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Why Africa needs a Union Special Envoy for Climate Change and Security

Africa is responsible for a mere four per cent of global CO2 emissions. Yet, no continent is equally affected by the double burden of climate change and political fragility as Africa. A recent study by United States Agency for International Development shows that globally 57 per cent of the countries facing the highest double burden of climate exposure and political fragility risks are located in sub-Saharan Africa.

African societies, moreover, face socioeconomic and political challenges, such as endemic poverty, weak and corrupt governance structures, protracted conflicts, demographic pressures and urbanization. These issues alone overwhelm the capacity of many African states to achieve goals within the AU’s long-term strategic framework ‘Agenda 2063’.

Being the most vulnerable continent to climate change—inextricably linked to the continent’s peace and security—Africa is in need of a clear climate security strategy and strategic leadership. Ongoing reform within the AU and the upcoming AU Summit provide an opportunity to showcase leadership and develop adequate responses to climate-related security risks.Part of this should be the appointment of a Special Envoy to Climate Change and Security which could help widen the understanding of climate-related security risks within the AU. One example of how this can be done is commissioning integrated climate risks assessments that would directly inform the Committee of African Heads of State and Government on Climate Change, the AU Commission as well as the AU Peace and Security Council. Such assessments would be crucial to mainstream climate security in continental and regional early warning systems and conflict prevention functions within the AU Peace and Security Department. Moreover, to counter siloed responses to climate security, a Special Envoy could ensure that the current AU reform process integrates climate risks in its peace and security architecture and across its structure .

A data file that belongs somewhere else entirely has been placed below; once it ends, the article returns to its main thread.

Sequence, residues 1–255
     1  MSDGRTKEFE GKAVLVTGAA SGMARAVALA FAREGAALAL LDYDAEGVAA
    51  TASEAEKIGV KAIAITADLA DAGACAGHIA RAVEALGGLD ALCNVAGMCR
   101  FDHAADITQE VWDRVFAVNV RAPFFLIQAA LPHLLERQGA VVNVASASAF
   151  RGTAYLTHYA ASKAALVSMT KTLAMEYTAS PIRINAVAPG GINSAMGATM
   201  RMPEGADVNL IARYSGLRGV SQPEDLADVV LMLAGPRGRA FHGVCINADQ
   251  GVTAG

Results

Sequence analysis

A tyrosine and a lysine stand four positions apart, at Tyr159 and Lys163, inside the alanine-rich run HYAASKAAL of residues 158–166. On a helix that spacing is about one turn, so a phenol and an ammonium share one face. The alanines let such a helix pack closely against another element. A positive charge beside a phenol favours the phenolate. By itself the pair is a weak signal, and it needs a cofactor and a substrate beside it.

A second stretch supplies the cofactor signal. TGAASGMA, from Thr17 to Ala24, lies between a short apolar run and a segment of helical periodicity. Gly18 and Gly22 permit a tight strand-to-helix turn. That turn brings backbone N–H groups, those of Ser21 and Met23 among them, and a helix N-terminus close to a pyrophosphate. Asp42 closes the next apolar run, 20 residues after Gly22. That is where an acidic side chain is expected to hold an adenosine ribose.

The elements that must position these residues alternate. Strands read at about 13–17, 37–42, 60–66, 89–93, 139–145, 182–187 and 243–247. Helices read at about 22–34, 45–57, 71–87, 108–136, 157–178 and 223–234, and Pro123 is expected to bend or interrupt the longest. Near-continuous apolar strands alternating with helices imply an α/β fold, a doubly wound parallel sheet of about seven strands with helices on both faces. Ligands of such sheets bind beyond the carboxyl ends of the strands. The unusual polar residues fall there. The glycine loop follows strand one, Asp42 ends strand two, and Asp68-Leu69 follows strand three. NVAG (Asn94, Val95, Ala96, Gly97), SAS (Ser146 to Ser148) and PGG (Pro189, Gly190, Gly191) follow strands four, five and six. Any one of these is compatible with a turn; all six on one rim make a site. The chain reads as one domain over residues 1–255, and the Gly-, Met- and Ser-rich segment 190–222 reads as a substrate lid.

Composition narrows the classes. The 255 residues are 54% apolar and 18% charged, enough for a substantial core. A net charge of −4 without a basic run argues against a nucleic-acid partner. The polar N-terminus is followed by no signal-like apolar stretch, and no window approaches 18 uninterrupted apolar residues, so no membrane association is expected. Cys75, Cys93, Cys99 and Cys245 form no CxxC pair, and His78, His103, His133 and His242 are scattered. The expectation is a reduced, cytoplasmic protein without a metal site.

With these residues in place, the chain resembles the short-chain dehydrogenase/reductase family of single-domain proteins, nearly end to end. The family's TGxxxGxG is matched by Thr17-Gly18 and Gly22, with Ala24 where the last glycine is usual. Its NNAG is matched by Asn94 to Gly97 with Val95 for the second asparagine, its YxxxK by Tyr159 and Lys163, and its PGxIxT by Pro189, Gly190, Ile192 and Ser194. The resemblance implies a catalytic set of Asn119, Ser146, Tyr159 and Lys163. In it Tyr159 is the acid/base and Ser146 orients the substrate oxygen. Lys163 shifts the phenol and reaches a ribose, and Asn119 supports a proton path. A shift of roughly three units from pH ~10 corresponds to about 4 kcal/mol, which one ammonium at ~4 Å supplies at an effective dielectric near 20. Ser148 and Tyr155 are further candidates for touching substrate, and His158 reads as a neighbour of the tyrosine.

The evidence is clear—climate-related changes compound social and political challenges. Africa’s high vulnerability to the impacts of climate change is due to African economies’ dependency on agriculture, a sector acutely affected by climate fluctuations. The risks that ensue include that of violent conflict—which in itself is an additional push factor for migration and forced displacement.

Climate-related security risks, including migration, are transnational in character which reasserts the need for African states to find a multilateral response at the AU level. Shifting precipitation patterns have increased water scarcity in the Horn of Africa and the Sahel. This has put additional pressures on the availability of water and arable land as well as limiting the access to these resources within and across countries, sometimes forcing people to migrate. Conflicts and increased environmental stress have made the Sahel region a migration hotspot and North Africa a transit area for people attempting to reach Europe. Climate change also exaggerates transnational security challenges such as water management. According to data from the United Nations Environment Programme, Africa has 59 international transboundary river basins and 15 principal lakes that cross the political boundaries of two or more countries. The Nile River Basin, for instance, extends over ten countries and the Nubian Sandstone Aquifer System is shared by four countries. The expected variability in water availability requires cross-country collaboration, but it has also become a hotspot for regional tensions. The strained dynamics between Egypt and Ethiopia around the Grand Ethiopian Renaissance Dam exemplify the security risks of cross-boundary resource sharing against a backdrop of changing climatic conditions. Further, this tension demonstrates the need for mediation through an appointed Special Envoy who could facilitate dialogue and cooperation

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